Alexander Grechaninov’s quartets have already been praised on this blog just like his liturgical music. He is one of the great composer’s of Russia at the turn of the century, at the dawn of modernity. Here is a curious piece: his Piano Trio No. 2 in G Major, op. 128. The opus number points to the fact that Grechaninov wrote it late in his career, in 1930 more precisely, while he stayed in Paris where he had emigrated to after the Bolshevik Revolution. It’s language is characterized by modal instability, the composers oscillates between D major and G major and an E-flat major and G minor respectively. But what is even more striking is the fast-paced tempo, the restless mood of the three movements. Quite special and very striking.
Grechaninov is best known for his liturgical music, but obviously the Soviet Union had no use for such music. After he had moved to Paris, his career did not necessarily suffer. Though he had to make a living as a pianist and lived in rather modest conditions, he continued to compose. In 1940 he settled in New York and took American citizenship in 1946. Unfortunately he wasn’t inspired to write another trio. Had he written all he had to say in this genre?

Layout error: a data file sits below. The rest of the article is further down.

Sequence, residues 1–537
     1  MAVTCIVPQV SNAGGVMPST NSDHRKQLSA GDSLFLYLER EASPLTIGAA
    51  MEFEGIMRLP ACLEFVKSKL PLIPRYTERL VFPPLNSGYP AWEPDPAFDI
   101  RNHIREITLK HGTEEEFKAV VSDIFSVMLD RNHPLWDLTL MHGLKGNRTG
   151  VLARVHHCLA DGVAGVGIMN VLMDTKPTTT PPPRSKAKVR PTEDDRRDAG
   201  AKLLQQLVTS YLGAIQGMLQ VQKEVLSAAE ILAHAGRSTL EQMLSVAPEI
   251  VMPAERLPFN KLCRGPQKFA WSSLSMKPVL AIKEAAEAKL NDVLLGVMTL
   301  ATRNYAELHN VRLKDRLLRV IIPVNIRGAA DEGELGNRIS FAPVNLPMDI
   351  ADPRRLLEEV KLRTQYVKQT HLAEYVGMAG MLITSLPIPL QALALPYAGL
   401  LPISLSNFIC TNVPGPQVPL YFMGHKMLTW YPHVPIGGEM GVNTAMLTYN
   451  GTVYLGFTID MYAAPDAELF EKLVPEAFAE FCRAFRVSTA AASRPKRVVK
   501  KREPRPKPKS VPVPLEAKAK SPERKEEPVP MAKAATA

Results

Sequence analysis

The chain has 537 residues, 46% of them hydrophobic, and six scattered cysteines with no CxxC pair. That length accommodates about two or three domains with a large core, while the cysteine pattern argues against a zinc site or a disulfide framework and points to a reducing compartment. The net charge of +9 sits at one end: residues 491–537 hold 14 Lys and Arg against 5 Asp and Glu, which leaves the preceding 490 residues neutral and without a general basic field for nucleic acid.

In his autobiography, the composer writes “Some Russian writers complain that they cannot continue their creative work away from their native soil. I never experienced this difficulty. Quite to the contrary: I worked productively abroad, and my compositions of this period are imbued with the Russian folk spirit to an even greater degree than the music I wrote in Russia.” Interestingly he doesn’t even mention his second trio in this document.
The trio then. After repeated listening, it is still the overall tempo of the piece that impresses me, emphasized by the counter-intuitive dialogue between the strings and the piano. I actually know no other trio like that. The first movement – allegro. Grechaninov is in a hurry, partly apprehensive, partly excited. Is it the tension that marked some of his time in exile? He health was poor, his financial situation unstable, and he must have witnessed with growing horror the evolution of his native country under Stalin. The second movement begins with a gentle murmur, a king of prayer, introspective at the beginning, more forceful in its later development, gradually taking up the mood of the first movement. The finale has decidedly optimistic mood, with radical tempo breaks. Fascinating!
Alexander Grechaninov’s Piano Trio in G Major has been recorded by the Moscow Rachmaninov Trio.
© Charles Thibo